By Alex Murimigwa
“Zimbabwe’s musicians have spoken loudly and clearly – and I have listened. As of yesterday, all artists in Zimbabwe are now permitted to play to a crowd of maximum 50 people. I am delighted that we can support our country’s music as we emerge from the pandemic,” President Emmerson Mnangagwa wrote on Twitter on the 11th of June 2021.
This was refreshing news to artists and their followers, little did they know, the good news was just a pie in the sky. Hours later, Vice President Constantino Chiwenga discarded Mnangagwa’s announcement arguing that the country is facing an upsurge of Covid-19 cases.
Chiwenga announced on the 12th of June 2021, “all public gatherings are banned.”
The announcement by Chiwenga created speculation that there are cracks in the ruling party.
Others also speculated that the conflicting statement could indicate that Chiwenga and Mnangagwa were trying to show the citizens who is boss among them.
But what is really going on in the presidium? Did Mnangagwa make a statement without consulting the health minister? Or did Vice President Chiwenga not hear the announcement by the President? Could it be that there is confusion in the cockpit?
The world over, the fight against Covid-19 requires coordinated efforts in which communication is central. It follows that Zimbabwe must adopt a coordinated approach in the fight against this pandemic.
Mnangagwa and Chiwenga’s statements leave a lot to be desired.
As of 14 June 2021, Zimbabwe has recorded 40 077 Covid-19 cases, since the first case in 2020. Currently, health authorities are monitoring 1415 active cases.
Since the first case was recorded in March of 2020, Zimbabwe has not improved much in terms of preparedness to fight Covid-19. There has not been much investment in terms of ventilators and oxygen supply.
Health care workers have been pleading for personal protective equipment (PPEs) which is still in short supply.
The same goes for testing and contact tracing.
Zimbabwe is currently administering Covid-19 vaccines mainly Sinopharm, Sinovac, Covaxin, and Sputnik. The vaccines are not enough, and the majority have come through donations.
Turning back to Chiwenga’s statement, taking precautionary measures to curb the spread of the virus is always plausible. It does not, however, warrant the powers that be, to suspend key public events like elections.
Elections are the soul of democracy and the right to vote must be always protected in any society that falls within democracies.
Four months after the vaccination program started, Zimbabwe has only inoculated about 693 568 people (with first dose), while 414 365 have received their second dose.
About 10 million people must get jabbed if the country is to attain herd immunity. At this rate, Zimbabwe will need more than five years to vaccinate the required percentage to attain herd immunity.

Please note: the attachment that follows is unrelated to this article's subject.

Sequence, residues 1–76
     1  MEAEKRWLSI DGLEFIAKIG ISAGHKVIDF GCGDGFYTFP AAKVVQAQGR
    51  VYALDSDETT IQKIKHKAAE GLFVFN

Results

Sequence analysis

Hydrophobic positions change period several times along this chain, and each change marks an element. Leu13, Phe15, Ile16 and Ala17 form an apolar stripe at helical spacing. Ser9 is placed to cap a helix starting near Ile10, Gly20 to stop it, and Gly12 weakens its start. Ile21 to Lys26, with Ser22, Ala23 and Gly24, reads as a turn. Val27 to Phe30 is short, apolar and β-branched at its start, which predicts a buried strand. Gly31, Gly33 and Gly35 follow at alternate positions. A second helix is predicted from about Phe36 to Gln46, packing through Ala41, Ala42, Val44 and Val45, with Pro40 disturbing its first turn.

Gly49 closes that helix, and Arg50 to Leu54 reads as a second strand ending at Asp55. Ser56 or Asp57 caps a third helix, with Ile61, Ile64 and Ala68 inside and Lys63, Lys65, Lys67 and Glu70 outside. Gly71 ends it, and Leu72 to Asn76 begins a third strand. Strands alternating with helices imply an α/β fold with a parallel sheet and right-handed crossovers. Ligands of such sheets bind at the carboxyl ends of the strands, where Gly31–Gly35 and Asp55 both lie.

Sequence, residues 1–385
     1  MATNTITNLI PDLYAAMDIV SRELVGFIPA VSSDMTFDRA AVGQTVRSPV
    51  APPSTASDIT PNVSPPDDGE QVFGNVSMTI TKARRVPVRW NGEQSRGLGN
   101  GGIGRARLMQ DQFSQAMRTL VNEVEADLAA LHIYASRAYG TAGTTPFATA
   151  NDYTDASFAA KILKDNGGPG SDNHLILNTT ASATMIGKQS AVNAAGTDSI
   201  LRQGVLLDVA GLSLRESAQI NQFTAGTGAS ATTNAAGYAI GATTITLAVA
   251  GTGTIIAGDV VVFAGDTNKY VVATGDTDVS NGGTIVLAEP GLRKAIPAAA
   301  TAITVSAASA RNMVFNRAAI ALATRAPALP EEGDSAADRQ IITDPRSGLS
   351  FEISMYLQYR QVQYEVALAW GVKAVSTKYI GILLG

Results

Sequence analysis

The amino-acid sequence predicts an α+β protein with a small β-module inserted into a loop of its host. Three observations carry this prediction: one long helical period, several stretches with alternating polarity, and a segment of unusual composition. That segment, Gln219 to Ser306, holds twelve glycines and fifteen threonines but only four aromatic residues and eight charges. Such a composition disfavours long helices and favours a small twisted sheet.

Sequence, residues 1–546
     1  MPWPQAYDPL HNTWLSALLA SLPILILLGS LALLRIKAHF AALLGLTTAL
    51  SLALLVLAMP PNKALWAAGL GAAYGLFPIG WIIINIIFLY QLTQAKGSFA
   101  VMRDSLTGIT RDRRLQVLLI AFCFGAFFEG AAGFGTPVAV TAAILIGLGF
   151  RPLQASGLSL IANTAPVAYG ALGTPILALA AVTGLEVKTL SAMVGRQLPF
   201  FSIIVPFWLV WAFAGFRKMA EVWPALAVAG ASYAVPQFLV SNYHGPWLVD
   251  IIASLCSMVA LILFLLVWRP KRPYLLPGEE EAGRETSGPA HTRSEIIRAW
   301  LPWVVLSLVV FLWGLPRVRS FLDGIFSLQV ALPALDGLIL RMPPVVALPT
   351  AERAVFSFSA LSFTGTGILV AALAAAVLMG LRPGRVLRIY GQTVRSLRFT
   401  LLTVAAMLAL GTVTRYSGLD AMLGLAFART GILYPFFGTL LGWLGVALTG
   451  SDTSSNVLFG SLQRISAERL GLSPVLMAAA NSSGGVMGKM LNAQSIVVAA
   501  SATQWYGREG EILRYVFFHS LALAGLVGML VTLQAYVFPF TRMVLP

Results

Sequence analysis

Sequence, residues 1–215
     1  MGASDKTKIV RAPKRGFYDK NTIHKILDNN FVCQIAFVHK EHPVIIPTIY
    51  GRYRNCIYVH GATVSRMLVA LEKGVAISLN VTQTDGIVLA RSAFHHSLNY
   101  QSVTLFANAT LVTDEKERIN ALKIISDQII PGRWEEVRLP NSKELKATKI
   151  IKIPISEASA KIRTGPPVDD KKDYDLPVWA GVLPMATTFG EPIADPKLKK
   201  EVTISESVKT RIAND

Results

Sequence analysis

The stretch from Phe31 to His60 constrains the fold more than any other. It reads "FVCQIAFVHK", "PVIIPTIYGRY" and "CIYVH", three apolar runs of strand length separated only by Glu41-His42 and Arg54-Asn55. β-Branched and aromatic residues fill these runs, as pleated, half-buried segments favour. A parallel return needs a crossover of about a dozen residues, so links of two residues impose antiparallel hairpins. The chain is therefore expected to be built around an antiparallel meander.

Zimbabwe’s vaccination program can be, thus, frankly summed up as a disaster so far.
Just a couple of days ago, the United States of America pledged half a billion Covid-19 vaccines to third world countries which Zimbabwe falls in.
The sad part of this story is that Zimbabwe will not be eligible to benefit from the donation because it does not have the infrastructure to store vaccines like Pfizer.
Chiwenga continued: “With regards to gatherings, the following measures are to be implemented. All gatherings except funerals are banned. These gatherings include but are not limited to weddings, church gatherings, music festivals, and sports activities.”
However, the situation on the ground, particularly in Harare Central Business District (CBD) at bus terminuses like Market Square, Copacabana, and Chinhoyi-Samora Machel, gatherings of more than 100 people waiting for transport to go home is a daily marvel.
The ZUPCO transport system introduced to cater for daily commuters has been overwhelmed from the day it was introduced.
ZUPCO buses are still ferrying more than 50 people from one point to another. This defeats the logic of prohibiting other public gatherings. The ban serves no purpose.
Government’s measures to contain the virus can be found to be absurd. Banning sporting activities that were already going under closed doors further confirms the ludicrousness of Chiwenga’s Saturday statement.
South Africa’s Covid-19 cases are way ahead of Zimbabwe, but their sporting activities are still running. Why would Zimbabwe then suspend its sporting events?
Limiting funerals to 30 people is not feasible in Zimbabwe. It is a limitation meant to justify George Orwell’s Animal Farm. Some animals are more equal than others.
Dancehall artist Soul Jah Love was buried in February this year at Warren Hills in Harare with thousands of people pitching up at the burial site. Government presided over the burial.
David Mandigora, a Dynamos legend, was buried at Glen Forest in Harare this Tuesday with hundreds of people in attendance.
The government itself has led a burial at the National Heroes Acre recently with thousands of people in attendance. These are just illustrations where numbers allowed to attend funerals were never adhered to. Chiwenga’s announcement was just an announcement.
Of late Zimbabwe has become a nation of public queues. In almost every town, people will be queuing at banks to access their cash. People also queue in their locations for water at boreholes and other water points.
So, banning public gatherings is just a circus. It is not applicable to the Zimbabwean situation.
What Zimbabwe needs at this hour in its fight against Covid-19 is the enforcement of basic health guidelines like properly wearing of face mask, use of hand sanitizers, and maintaining physical and social distancing.
While public gatherings cannot be suspended, the government can cap them at least at 100. This is so because people will always gather in search of social and economic services.